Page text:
Take Five With Tom Fenton

5 Reasons You Need to Start Using Containers Now

If you're sitting on the fence about investing your time and your company's resources in containers, here are five reasons why doing so is a good idea.

Container technology is one of the most-talked-about new technologies of the past five years. Although its roots trace back to its humble beginnings in 1979, container technology didn't become mainstream until 2013 when Docker came on to the scene. Since then, a whole industry has sprung up around it. As with any new technology, IT professionals tend to wait and watch to see which technologies will pay off and which ones will fall by the wayside. But now is the time, if you haven't already, to start using container technology. If you're sitting on the fence about investing your time and your company's resources in containers, here are five reasons why doing so is a good idea.

They Are the Future.Various reports show that container adoption in the enterprise market is growing at a rapid rate, and that the majority of Fortune 500 companies have either begun to use, or are currently investigating, containers for their enterprise applications. The interest in and the integration of container technology in the IT world in general have been astonishing. For example, KubeCon, the annual meeting for Kubernetes professionals, doubled its attendance from 2016 to 2017, and it expects it to double again in 2018.

They Are Secure.A technology is useless unless you can trust that it will be deployed in a safe and secure manner—and containers have reached the point of maturity where companies are now making products specifically designed to do just that. At KubeCon this year, I spoke with representatives from half a dozen companies, including Twistlock, Kublr and Tigera, and they convinced me that they have a handle on the security needs of containers.

A Plethora of Tools.No longer do you need to handcraft bespoken tools to work with containers, because there's now a plethora of tools that allow you to fully implement containers in a production environment. These tools, many of which are free, are being developed and supported by such noteworthy companies such as Google (Kubernetes), Netflix (Titus) and many others.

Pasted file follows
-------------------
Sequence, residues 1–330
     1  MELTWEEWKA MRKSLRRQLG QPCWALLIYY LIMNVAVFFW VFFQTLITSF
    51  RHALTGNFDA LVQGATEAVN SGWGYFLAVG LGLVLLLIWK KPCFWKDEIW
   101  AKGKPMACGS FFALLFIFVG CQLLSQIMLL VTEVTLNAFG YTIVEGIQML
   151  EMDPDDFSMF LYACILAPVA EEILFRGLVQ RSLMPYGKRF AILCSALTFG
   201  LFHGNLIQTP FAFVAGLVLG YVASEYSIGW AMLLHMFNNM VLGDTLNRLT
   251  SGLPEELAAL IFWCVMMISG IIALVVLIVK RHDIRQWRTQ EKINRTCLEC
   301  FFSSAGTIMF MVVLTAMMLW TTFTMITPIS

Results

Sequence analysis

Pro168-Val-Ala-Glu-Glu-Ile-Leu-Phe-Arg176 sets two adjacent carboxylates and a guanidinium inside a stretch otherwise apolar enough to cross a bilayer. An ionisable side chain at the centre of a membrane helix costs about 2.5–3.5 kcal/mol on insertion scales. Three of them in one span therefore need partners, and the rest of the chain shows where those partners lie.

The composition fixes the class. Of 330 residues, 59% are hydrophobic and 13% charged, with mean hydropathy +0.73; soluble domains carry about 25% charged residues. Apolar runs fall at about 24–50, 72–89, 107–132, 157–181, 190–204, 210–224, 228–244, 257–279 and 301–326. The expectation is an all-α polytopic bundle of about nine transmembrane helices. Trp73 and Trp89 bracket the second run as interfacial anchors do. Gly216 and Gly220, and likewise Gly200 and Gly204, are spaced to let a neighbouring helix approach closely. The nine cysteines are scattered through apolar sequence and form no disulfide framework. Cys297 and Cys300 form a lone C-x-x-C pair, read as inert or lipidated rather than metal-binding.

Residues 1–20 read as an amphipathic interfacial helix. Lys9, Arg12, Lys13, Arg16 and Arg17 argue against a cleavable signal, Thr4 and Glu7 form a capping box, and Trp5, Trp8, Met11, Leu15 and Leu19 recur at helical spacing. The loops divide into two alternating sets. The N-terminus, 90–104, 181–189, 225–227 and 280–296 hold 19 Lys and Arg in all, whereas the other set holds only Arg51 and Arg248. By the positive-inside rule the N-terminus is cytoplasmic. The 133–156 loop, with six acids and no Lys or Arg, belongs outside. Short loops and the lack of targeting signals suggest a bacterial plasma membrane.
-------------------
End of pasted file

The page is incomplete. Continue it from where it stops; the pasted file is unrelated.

CI/CD is an Advantageous Process.One of the biggest advantages to container technology is its underlying process, which can put you at a significant advantage over your competitors: continual integration (CI) and continual deployment (CD). CI/CD allows leading companies such as Netflix, Uber and Amazon to rapidly deploy quality products that allow them to dominate their markets. If you're still deploying your products using traditional processes, you need to investigate CI/CD to see how it can streamline your deployment and be an enormous advantage to your company.

Containers have evolved and developed to the point where you can safely place your bets on their technology and tools. In the early days of containers, there were new tools and technologies popping up daily and, to be honest, it was hard to tell which of these were going to be around for the long haul. Nothing can be more frustrating than investing your money and, more importantly your time, in a technology only to see it become unsupported or have a company simply vanish. But in the last year we have seen the cream rise and certain technologies, such as Kubernetes, gain such a predominate foothold in the market to the extent that you can be assured they will be around for the long haul. Now you can, with a certain amount of confidence, deploy tools that will be here to stay and with plenty of support.

About the Author

Tom Fenton has a wealth of hands-on IT experience gained over the past 30 years in a variety of technologies, with the past 20 years focusing on virtualization and storage. He currently works as a Technical Marketing Manager for ControlUp. He previously worked at VMware in Staff and Senior level positions. He has also worked as a Senior Validation Engineer with The Taneja Group, where he headed the Validation Service Lab and was instrumental in starting up its vSphere Virtual Volumes practice. He's on X @vDoppler.


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